September
(Senior Year)
Semifinalists are recognized in early September.  Semifinalists are allocated proportionally by state, i.e. the more graduating students a state has, the more Semifinalists that state will have. Therefore, some states have higher cutoffs for their scores than others. Traditionally, students in Texas need to have a Selection Index score between 218 and 221. The Texas Semifinalist cutoff for the class of 2023 is 219.  Semifinalists advance in the competition.  Commended students are recognized in late September.  While Commended students don’t advance in the competition, it looks great on college applications and some colleges even award scholarships based on Commended status.  The cutoff for the class of 2023 is 207.
October
(Senior Year)
National Merit Semifinalists must complete an application, which includes submitting an essay and a recommendation from your school. The application also allows you to choose your “first choice” school, which is an important step: whatever school you choose is the only school you can receive scholarships from. You can always change your choice later. Semifinalists must also have a “confirming score:” an SAT or ACT score that confirms your PSAT performance.  This score must be completed by December.
February
(Senior Year)
Finalists are notified. Approximately 95% of Semi-Finalists are named National Merit Finalists.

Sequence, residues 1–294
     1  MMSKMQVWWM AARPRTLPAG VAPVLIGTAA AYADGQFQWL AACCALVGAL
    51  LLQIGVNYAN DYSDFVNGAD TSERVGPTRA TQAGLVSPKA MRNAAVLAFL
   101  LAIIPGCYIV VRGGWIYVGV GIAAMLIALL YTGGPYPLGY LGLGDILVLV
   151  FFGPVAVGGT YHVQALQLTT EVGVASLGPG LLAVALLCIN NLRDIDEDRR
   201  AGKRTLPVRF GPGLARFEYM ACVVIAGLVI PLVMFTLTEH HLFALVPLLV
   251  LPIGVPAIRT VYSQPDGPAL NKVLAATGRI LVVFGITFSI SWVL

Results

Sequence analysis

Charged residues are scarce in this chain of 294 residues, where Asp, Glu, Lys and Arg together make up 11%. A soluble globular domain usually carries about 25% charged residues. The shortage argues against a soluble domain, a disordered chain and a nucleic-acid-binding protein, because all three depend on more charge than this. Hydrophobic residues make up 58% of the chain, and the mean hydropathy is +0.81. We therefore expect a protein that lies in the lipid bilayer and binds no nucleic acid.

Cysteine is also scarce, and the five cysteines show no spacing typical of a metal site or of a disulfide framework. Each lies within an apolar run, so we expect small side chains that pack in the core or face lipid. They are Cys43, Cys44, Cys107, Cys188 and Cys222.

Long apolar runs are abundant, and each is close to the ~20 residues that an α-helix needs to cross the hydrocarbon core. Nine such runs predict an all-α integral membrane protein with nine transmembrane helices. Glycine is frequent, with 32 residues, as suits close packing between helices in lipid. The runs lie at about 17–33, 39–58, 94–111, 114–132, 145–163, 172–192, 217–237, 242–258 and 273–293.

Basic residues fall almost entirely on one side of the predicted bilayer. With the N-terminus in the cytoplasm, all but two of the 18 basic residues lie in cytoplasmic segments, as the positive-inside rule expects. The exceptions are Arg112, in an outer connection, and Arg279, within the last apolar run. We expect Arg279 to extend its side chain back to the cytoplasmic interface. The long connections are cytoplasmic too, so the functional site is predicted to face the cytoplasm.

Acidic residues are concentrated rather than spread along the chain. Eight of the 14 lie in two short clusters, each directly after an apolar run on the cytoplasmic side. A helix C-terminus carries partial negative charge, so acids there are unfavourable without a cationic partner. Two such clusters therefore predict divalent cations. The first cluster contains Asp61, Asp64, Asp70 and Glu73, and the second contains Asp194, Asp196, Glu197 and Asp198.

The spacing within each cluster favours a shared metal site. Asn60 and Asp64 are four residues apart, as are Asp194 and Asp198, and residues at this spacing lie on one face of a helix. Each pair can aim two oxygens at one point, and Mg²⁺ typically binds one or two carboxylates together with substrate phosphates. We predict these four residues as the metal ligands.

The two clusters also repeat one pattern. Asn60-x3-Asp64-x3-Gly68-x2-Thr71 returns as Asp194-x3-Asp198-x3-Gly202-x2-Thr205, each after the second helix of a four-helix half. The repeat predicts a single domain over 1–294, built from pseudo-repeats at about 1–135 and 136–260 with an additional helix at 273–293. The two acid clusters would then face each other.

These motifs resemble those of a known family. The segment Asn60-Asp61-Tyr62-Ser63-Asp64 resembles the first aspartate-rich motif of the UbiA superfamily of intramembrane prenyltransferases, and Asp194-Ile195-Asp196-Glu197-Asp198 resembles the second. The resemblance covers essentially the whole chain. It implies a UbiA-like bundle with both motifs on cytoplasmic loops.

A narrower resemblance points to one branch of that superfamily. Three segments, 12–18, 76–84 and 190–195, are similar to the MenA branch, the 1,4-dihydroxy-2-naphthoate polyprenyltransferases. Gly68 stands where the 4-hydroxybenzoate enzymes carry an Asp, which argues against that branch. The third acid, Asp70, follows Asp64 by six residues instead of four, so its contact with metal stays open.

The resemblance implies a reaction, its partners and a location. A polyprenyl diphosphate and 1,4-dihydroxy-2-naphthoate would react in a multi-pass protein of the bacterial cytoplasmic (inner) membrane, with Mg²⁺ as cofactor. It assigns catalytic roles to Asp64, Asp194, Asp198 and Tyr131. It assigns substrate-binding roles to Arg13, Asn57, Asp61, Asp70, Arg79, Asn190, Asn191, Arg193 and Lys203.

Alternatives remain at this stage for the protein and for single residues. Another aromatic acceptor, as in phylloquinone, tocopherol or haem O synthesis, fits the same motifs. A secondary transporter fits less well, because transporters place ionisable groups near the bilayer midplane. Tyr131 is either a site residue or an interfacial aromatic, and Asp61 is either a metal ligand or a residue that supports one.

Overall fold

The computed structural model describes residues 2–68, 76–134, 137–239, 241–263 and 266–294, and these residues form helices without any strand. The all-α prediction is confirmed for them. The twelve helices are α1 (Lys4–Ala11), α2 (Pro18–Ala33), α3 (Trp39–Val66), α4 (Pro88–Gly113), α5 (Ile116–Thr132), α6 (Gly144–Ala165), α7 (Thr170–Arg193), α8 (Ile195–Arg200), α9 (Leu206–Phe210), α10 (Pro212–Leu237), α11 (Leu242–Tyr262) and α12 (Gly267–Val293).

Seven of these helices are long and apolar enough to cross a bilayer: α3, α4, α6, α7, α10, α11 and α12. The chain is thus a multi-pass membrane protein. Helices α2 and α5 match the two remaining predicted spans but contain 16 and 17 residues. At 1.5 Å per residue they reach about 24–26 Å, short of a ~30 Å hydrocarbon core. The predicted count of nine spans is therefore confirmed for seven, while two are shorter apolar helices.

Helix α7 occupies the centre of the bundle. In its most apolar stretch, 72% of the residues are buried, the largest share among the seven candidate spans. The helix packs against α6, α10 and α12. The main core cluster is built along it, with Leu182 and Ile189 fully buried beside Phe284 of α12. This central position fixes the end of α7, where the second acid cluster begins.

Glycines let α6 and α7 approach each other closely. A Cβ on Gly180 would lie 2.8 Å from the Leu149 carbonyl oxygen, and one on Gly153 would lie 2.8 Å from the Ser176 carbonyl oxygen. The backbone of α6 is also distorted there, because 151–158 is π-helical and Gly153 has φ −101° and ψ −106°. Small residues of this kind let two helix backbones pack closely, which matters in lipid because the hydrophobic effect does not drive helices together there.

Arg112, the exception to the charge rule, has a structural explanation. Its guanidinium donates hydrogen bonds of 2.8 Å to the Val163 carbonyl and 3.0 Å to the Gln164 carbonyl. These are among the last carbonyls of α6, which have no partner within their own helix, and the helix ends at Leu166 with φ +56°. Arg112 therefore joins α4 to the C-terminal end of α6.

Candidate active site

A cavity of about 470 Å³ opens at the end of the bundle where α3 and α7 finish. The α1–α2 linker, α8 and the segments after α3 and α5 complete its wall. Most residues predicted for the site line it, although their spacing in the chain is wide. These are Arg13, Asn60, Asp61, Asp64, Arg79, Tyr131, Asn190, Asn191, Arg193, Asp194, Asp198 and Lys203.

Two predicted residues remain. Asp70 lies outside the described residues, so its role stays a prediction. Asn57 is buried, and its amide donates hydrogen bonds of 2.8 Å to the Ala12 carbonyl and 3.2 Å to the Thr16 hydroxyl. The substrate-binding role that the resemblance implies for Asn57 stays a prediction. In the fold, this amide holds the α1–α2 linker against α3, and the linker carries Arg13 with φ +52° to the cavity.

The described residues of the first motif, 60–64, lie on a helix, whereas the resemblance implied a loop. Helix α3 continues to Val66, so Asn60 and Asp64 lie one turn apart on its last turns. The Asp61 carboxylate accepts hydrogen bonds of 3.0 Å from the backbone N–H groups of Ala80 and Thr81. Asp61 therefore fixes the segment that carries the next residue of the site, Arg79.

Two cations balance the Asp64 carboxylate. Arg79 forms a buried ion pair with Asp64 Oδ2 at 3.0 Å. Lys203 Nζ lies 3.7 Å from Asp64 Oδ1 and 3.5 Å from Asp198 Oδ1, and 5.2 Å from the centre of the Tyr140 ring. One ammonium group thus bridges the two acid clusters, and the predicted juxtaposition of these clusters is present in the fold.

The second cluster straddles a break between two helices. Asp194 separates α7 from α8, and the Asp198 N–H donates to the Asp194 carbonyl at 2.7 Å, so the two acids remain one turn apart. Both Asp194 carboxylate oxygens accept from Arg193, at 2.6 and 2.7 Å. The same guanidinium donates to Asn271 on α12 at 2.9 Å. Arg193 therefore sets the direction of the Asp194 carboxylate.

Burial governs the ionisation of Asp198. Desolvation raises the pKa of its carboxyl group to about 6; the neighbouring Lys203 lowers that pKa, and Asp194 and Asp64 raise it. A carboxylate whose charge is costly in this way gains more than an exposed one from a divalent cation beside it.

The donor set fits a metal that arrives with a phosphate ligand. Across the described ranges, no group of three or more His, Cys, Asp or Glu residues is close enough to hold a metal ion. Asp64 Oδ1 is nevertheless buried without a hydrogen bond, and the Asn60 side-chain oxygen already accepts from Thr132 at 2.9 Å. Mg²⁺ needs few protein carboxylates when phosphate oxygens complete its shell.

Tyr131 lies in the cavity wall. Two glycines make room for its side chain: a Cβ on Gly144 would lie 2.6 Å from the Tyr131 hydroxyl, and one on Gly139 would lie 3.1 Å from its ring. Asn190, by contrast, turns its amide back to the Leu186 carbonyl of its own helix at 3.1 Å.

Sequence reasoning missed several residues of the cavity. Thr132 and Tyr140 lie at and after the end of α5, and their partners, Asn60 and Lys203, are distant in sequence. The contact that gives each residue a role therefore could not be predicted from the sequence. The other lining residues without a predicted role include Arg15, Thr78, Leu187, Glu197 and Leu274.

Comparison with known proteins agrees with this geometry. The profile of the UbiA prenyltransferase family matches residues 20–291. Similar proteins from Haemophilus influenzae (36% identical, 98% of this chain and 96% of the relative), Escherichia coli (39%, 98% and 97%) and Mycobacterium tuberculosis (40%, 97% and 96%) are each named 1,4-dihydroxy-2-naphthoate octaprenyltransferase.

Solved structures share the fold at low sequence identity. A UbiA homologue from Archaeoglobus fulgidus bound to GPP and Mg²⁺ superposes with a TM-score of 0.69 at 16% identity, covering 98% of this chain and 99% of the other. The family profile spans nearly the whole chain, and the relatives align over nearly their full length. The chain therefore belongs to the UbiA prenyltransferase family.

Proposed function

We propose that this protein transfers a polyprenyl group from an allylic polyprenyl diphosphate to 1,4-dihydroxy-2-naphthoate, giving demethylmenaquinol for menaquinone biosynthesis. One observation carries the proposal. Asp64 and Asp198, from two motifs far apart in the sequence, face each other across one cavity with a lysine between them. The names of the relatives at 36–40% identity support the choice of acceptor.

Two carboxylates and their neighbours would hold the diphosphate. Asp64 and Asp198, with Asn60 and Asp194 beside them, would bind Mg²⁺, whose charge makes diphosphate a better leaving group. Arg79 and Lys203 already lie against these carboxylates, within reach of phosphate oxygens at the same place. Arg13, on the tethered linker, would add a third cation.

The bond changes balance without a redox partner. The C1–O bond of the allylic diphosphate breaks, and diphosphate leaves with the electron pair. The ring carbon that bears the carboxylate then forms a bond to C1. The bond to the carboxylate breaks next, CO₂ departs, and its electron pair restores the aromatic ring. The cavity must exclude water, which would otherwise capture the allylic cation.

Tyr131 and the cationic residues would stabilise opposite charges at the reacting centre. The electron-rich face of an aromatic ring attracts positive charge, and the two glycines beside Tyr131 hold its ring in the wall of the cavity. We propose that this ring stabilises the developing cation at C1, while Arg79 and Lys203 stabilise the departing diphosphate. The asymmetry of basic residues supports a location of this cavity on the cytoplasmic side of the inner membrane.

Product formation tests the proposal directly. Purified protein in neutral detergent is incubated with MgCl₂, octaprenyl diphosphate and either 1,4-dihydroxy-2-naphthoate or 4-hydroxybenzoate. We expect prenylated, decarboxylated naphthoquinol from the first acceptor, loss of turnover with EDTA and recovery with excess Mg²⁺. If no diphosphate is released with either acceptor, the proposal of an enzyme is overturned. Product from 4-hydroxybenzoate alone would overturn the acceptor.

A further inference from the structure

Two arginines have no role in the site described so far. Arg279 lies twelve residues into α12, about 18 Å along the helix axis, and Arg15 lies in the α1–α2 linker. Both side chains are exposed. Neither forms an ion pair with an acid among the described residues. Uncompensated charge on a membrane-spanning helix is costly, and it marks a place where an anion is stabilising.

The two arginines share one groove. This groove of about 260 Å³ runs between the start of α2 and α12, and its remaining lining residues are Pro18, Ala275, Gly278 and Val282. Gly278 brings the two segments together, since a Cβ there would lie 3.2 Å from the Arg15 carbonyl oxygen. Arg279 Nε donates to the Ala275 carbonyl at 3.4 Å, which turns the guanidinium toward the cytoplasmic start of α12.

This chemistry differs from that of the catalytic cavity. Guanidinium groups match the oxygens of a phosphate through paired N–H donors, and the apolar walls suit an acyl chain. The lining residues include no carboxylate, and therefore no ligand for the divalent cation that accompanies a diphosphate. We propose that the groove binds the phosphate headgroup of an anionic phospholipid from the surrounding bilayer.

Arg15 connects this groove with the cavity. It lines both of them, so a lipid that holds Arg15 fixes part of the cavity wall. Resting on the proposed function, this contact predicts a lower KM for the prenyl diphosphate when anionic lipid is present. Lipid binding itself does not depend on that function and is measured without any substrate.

March
(Senior Year)
Scholarships based on the school you listed as “first choice” on your application begin to be awarded. Many schools offer a National Merit scholarship of $500-$2500 per year. 

So What Should I Do?

Current Juniors

The time for test prep begins during the summer between your sophomore and junior year. If you think you have what it takes to be a National Merit Scholar, sign up for our Goal 1600 class during the summer or one-on-one tutoring.  All our classes provide individualized attention, tailored assignments, and focused feedback in a small group setting.  They  are both fun and effective, helping students achieve their testing goals. Our Goal 1600 class is specifically designed for students aiming for National Merit Semifinalist scores. This class goes quickly through the regular content and focuses then on strategy and practice for the hard questions. In order to help ensure students are in a class that best suits them, students must meet a minimum SAT score (or equivalent PSAT score) of 1300 to be admitted to the class. To check out our current classes, click here.